Also, the late Ivy Owen, then executive director of the Fort Chaffee Redevelopment Authority, offered ACHE 200 acres of land. For free. It was part of what convinced ACHE to locate where it is now instead of other considered locations, including downtown Fort Smith.
“So yeah, what is that, five?” Parker responded when asked if the free land from FCRA was the last of perfect storm elements. “The land. Settling those liabilities, which was nothing short of a miracle. We had Jim’s [Walcott] message. … and the pie, the bourbon pecan pie. Of course, these family friends who believed in what we were trying to do and were just generous, just amazingly generous, and made those big donations.”
Parker said getting all the pieces to come together relatively quickly not only allowed the college to become a reality but allowed ACHE to pursue several goals concurrently.
“It just allows you to explode. Yes, we’re an academic institution, but we’re also a developer. We’re building healthy living environments. We’re not just talking about health and wellness. We’re creating real, physical infrastructure and opportunities to encourage that,” he said.
The 200 acres of land is now 573 acres, with ACHE spending $6 million to buy adjacent property from the FCRA. ACHE also owns 63 acres with the Golden Living building purchase supported by a $32.3 million anonymous donation. The facility, now the ACHE Research Institute Health and Wellness Center, should be completely renovated in 2023.
The first class at the osteopathic college was seated in August 2017. ACHE has since built a $16 million, 66,000-square-foot College of Health Science building on the campus that is home to physical therapy and occupational therapy degree programs. The ACHE School of Physician Assistant Studies is under development. Commercial developments include a 78,131 square-foot, $22.5 million commercial building in the Heritage Village across the street from the college campus. That development was built upon an early $11 million, 6.6-acre commercial project that created Heritage Village in August 2018. Another development is the recently opened Celebration Garden and Wellness Park, funded by $2.3 million in private funds.
“New growth from the remnants of Sparks Health System describes the amazing progress of ARCOM,” Walcott said in a statement. “The superb match rate of graduates of the osteopathic medical program and the addition of other specialties means added high-quality capacity for healthcare providers in our region.
“Today, the River Valley has a wonderful new employer in ARCOM; in the future, the health of all the residents will improve with the added health care capacity and skill sets.”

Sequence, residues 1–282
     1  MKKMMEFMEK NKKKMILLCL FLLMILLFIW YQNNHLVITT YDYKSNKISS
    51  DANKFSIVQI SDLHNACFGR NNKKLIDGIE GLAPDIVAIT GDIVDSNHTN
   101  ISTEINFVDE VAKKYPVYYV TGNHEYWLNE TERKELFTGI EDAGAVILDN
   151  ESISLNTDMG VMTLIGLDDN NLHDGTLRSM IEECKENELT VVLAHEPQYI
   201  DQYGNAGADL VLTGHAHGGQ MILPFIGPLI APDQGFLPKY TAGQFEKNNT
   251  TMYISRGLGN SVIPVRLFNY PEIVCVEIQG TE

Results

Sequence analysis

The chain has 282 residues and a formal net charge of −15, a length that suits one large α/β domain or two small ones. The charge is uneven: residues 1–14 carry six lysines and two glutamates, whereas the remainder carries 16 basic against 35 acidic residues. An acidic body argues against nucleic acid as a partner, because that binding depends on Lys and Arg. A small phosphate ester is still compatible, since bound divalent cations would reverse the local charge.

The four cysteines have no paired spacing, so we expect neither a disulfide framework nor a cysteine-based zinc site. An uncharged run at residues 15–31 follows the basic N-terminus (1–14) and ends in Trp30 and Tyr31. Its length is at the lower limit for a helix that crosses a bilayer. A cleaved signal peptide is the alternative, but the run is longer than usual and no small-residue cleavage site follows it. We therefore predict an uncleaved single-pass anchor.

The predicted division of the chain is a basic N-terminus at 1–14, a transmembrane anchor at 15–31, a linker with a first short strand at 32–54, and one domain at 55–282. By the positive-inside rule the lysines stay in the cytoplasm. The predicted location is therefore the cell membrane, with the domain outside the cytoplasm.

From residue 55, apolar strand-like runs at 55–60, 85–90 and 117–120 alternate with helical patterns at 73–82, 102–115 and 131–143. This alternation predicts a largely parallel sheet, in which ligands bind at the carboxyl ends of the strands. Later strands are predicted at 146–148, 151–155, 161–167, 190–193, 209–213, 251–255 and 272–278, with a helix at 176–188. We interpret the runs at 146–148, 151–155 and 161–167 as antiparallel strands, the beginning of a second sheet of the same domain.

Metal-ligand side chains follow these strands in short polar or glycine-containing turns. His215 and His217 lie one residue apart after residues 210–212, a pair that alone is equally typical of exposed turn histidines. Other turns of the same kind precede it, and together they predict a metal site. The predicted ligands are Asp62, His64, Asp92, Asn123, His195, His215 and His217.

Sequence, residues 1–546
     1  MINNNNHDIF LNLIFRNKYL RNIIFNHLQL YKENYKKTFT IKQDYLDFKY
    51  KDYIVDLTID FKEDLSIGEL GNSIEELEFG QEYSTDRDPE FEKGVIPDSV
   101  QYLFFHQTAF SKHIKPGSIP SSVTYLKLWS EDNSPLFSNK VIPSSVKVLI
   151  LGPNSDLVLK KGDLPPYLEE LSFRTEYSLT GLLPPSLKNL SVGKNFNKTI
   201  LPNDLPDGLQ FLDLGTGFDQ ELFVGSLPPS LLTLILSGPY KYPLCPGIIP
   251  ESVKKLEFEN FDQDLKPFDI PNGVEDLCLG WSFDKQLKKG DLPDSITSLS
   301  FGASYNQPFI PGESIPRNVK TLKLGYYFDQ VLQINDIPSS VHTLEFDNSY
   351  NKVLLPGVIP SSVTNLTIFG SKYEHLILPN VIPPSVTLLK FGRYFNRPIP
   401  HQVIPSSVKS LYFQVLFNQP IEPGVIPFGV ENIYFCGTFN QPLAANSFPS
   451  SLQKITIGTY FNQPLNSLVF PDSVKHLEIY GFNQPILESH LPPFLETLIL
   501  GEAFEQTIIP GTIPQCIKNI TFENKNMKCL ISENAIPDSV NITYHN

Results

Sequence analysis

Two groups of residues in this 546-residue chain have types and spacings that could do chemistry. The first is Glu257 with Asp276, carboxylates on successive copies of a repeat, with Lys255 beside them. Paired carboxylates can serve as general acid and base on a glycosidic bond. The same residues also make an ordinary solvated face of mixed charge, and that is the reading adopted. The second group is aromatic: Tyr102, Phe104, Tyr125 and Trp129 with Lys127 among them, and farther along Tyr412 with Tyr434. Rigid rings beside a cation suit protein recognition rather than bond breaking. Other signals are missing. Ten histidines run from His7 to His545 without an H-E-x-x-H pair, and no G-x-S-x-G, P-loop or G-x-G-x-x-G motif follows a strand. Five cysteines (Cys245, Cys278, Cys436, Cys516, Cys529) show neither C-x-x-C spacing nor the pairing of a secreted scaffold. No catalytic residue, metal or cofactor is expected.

According to Parker, the colleges now employ more than 200 staff and faculty with an average annual wage above $150,000. They now have more than 700 students on campus and will, within two to three years, have around 1,000 students in the different colleges and programs. Parker said the colleges and other programs are generating a $600 million annual economic impact for the region.
“ACHE, with its multiple schools culminating in terminal doctorate level degrees, hundreds of very bright students, thousands of square feet of beautiful buildings and hundreds of acres of land for development is the story that almost did not happen,” Taylor said in a statement to the Northwest Arkansas Business Journal. “Some would call it luck. We call it vision, perseverance, hard work, gifted leadership and providence.”
DIVERSITY, FUTURE PLANS
Parker said ACHE also has brought a diversified population to the Fort Smith metro, noting that “every color of skin, every religious belief, is right here in Fort Smith, Arkansas.”
“We have been pleasantly surprised how the community has accepted the highly diverse student body that we have out here. I’ll tell you one example. We had a foreign national student at a grocery store, and he was wearing an ACHE shirt. An older lady in front of him saw his shirt and bought his groceries,” Parker said.
Parker expressed frustration that not enough people fully understand “the holistic nature of wellness and education and arts.”
“Will they eventually understand? Yes. It takes time. I don’t think I’m beating my head against a wall on this,” he said.
The disappointments are not a detriment. Parker, Taylor, Walcott and other ACHE officials aren’t finished. Come back in five years, and up to eight others will join the four academic buildings now on campus.
Parker teased that “two major programs” will be announced in early 2023. He also said that in 10 years, the campus could be home to 6,000 post-graduate students. They are also in talks to build a boutique hotel on the campus.
The expanding campus in the region helps with other economic development projects, according to Tim Allen, president and CEO of the Fort Smith Regional Chamber of Commerce.
“Having a resource like Arkansas Colleges of Health Education in our community is invaluable,” Allen noted. “In terms of economic development, we showcase ACHE to every single prospect, and it makes a real difference. The wealth of talent, knowledge and resources that ACHE brings to the Fort Smith region helps us sell our quality of place. And more often than not, that’s what wins a project for the community.”
Wrapping up his thoughts at the end of a recent interview, Parker said he does not take for granted what many people have been able to do in just a few years.
“That’s pretty rare, even for business guys, to move at the kind of speed that we have. And the only way to accomplish that is to have a great team of people, and I mean a really great team of people,” Parker said. “The other thing is when you’re doing things for somebody else when it’s not for you, great things happen.”